The amount of loans South Korea’s central bank provided to private and public corporations by minting new cash has reached the highest level in 15 and-a-half years.
The central bank said Tuesday that the amount reached 13-point-16 trillion won as of August, up 64-point-seven percent from last year, according to Korea’s (KBS WORLD) website.
The figure exceeds the 13 trillion won recorded in November 2009 in the wake of the global financial crisis. But the amount hasn’t reached the 15 trillion recorded in February 1999 in the aftermath of the Asian financial crisis.
The increase in BOK newly minted cash loans to small-and-medium-sized enterprises (SMEs) and assistance to the Korea Finance Corporation, which also provides loans to SMEs, is part of efforts to indirectly provide liquidity to the market. To offset the effect of such issuance of new currency, the central bank sells monetary stabilization bonds, but those could damage the national economy in the long run.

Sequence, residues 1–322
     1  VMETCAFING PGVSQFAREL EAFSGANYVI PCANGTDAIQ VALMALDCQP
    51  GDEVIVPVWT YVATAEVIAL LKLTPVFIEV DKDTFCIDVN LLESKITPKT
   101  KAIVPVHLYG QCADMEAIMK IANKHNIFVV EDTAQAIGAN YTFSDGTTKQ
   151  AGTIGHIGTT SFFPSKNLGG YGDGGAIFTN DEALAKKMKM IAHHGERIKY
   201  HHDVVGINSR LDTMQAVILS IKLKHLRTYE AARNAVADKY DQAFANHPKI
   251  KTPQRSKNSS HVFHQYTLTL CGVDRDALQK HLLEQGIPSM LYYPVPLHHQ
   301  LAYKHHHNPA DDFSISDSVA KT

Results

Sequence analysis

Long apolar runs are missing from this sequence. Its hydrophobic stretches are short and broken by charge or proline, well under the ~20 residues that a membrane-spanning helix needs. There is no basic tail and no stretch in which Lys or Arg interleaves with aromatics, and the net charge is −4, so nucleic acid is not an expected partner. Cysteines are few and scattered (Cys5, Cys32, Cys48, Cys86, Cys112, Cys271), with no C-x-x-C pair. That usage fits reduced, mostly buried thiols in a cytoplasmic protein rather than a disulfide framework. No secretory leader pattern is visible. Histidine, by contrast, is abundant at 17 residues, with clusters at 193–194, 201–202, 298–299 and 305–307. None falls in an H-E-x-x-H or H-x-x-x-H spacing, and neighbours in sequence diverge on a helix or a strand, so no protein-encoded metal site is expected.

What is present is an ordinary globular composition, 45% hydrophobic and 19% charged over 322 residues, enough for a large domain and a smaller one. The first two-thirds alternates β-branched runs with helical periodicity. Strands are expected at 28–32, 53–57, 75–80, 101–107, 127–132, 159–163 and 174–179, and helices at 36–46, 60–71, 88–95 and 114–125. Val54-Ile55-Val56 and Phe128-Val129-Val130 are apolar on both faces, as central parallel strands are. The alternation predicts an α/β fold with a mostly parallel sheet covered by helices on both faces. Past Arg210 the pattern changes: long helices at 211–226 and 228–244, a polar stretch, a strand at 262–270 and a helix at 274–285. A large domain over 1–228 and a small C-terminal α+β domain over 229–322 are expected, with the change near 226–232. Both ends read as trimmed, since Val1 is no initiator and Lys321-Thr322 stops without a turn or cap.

Oh Jung-geun, president of the Asia Finance Society, said that many government officials are still not free from the age-old practice of using BOK money as if it were their own. He said it is worth considering a limit to the government’s dependency on the currency-issuing power of the BOK by subjecting it to parliamentary approval.